I had a good fire going. William made pasta, and sat with me. We saw many meteors. Bright. Pretty. Some very big, and blue. A friend on Instagram, she lives south and east of us, joined the watch from her home. She shared a chart describing the make-up of different colored meteors. The blue meteors, and they are very, beautifully blue, are composed of magnesium. I saw one that burned brightly, moving toward me then disappearing, and I was left with the idea of having seen a fantastical blue fairy. Is "fantastical" even a word? This Blogger version offers no help with spelling.
Now moved over the house, westward, Orion's belt is almost overhead. And brighter, lower in the sky is Sirius, the Dog Star. A favorite since I met the brightest star visible from any part of Earth, last summer.
Then, more clouds. A darker, and clearer sky would have been fantastic, but it was never dull. The sky was always compelling. Or there was music, talking, and night-day dreaming.
Geoff put my phone on a tripod to see about capturing a meteor. Here is an experiment with long exposure. Light streaking across the image, and the sweeping path of clouds traveling from the coast, inland.
Max watched with me. We listened to Starman, then Laszarus, then Max posed a question. "What do you suppose would happen if for one second gravity had no effect on your body?" I knew he was not speaking metaphorically. He turned toward me and asked, "Would you like to help me figure that out?" To begin, he needed the diameter of the Earth, and I asked Siri. The answer is 7,918 miles. He took it from there, in his head... After one second without gravity a person would move a neglible distance. The Earth is moving, too, he reminded me, and in such a brief amount of time, the event would be almost imperceptible. After one minute without gravity you would be about 193 feet above the Earth. After an hour, your body would be 123 miles from Earth.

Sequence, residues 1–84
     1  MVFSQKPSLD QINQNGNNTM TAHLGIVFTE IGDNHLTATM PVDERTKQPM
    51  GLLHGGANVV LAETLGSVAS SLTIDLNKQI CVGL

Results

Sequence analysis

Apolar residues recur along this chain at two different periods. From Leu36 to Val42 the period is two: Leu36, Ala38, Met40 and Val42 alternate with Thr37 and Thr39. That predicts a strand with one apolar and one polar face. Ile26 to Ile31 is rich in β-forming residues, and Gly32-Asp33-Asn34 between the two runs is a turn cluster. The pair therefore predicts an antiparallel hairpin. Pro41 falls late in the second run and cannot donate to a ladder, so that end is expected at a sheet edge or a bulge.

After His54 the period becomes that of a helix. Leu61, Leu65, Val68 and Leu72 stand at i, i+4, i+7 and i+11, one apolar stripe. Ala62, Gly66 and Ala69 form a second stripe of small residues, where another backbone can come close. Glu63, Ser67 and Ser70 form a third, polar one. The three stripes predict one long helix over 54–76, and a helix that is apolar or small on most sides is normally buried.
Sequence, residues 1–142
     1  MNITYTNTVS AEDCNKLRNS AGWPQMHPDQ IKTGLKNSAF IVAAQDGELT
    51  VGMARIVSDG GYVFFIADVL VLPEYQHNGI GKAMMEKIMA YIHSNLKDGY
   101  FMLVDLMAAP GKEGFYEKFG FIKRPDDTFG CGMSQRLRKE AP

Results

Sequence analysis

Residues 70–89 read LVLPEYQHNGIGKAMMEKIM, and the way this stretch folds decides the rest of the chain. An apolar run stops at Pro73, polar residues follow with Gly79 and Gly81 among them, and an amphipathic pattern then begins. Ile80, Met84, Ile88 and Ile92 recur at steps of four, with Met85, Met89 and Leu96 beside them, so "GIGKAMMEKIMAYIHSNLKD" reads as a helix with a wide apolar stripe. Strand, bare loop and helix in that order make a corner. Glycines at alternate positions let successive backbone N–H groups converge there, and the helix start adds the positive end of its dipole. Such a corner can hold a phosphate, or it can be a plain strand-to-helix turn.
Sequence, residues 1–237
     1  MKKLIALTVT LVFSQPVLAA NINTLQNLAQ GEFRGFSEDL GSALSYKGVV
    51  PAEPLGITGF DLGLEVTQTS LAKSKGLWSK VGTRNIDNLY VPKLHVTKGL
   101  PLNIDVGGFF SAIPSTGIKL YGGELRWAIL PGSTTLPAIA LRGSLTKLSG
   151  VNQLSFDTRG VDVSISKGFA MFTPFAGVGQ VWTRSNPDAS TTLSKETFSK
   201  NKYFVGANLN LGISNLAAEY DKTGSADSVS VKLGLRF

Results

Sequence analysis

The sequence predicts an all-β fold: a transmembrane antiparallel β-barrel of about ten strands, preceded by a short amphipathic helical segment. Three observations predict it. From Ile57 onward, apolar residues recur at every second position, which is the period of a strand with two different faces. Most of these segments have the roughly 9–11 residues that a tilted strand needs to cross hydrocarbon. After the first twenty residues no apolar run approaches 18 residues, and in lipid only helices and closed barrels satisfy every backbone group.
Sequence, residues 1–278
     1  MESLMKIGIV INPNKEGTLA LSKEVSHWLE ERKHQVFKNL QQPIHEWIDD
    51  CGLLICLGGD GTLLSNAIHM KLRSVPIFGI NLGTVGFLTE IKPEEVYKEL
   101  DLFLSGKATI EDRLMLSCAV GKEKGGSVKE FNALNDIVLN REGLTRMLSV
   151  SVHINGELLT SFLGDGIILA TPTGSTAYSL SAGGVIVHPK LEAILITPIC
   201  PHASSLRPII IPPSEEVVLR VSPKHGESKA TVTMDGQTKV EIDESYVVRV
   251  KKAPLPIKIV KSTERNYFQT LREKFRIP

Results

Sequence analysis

I stayed out all night. It was wonderful.
Orion moved west, and Sirius twinkled brightly.
And we saw meteors. Then Geoff caught one, a streak on my phone screen. The silhouette of the tree about to grasp it.
And Orion moved west. Mars dipped beneath the horizon. Venus rose before the sun.

Level Up

In gaming, especially in role-playing games, characters that achieve goals, like solving a puzzle, outwitting a foe, amassing artifacts, completing a quest, level up. When you level up you go to the next level of the game, maybe acquire new tools, skills, a symbol of your growth, like a better hat, a new cloak.

Yesterday, I leveled up! The bike miles, riding 2,000 miles... I reached the goal yesterday! I was only three miles away from hitting the mark, so we knew it would happen enroute of our regular ride. At mile one, Geoff asked, "Do you have celebratory music qued up?" I did not. I couldn't think what song that would be. But I was really eager for something to happen, for the moment to be momentous! Maybe I've played too many video games... having this unspoken notion that stars would spin, lights might flash, a banner would unfurl: "2,000 Bicycle Miles! You Reached Level II Amateur!" Then maybe my helmet would gain a headlamp, or change colors. Objectively, truthfully, I wasn't expecting those things, but I did wish we could celebrate with a platter of tacos. Tacos appearing at the end of the ride, or at the place where the odometer ticked over to the magic mile. That would have been the best. Also, I purposely turned back to arrive at a prettier spot, when I was at about 2.8 miles, because posing for pictures in front of a stranger's house wasn't gonna cut it for my crowning moment.

I don't think it's conventional to give a speech when leveling up. But obviously, I rarely go for convention.

Natalie's Brief, and Heartfelt, Speech, on the Occasion of Riding a Bicycle 2,000 miles Over the Course of About 18 Months, While Going Around and Around, and Around Her Neighborhood.

First, I am astonished to be here, figuratively, literally. I am timid and afraid, and I thought my small attempts at big things seemed pointless. I am glad that I did not act on my beliefs, but instead faced my discomfort, literal and figurative, and rode! This leads me to speak of the tremendous love and gratitude, respect, and admiration, I feel for Geoff, who acts on higher beliefs, with big goals in mind. He saw us riding bicycles, and when I resisted, he persisted, gently, but with conviction. He keeps me charged, and pedaling. He inflates tires, checks brakes, adjusts seats, and daily he poses the question, "Are we gonna ride?" And ride, we do! And even though we go seemingly nowhere, he never pushes me (too much) beyond what I feel safe doing, and he shares, with sincere enthusiasm, my peculiar awe and wonder in finding new sights, new friends, new furniture, craft supplies, and appreciation in those same, daily, neighborhood loops. Thank you, Geoff. And thank you, friends on Instagram, who cheered and celebrated with me, who joined in my vision of an imagined ride, that lately is aiming for Rome, where we understand "... they have made some nice paintings." Michael C, and I think we need to start a caravan. Join us! We are going places!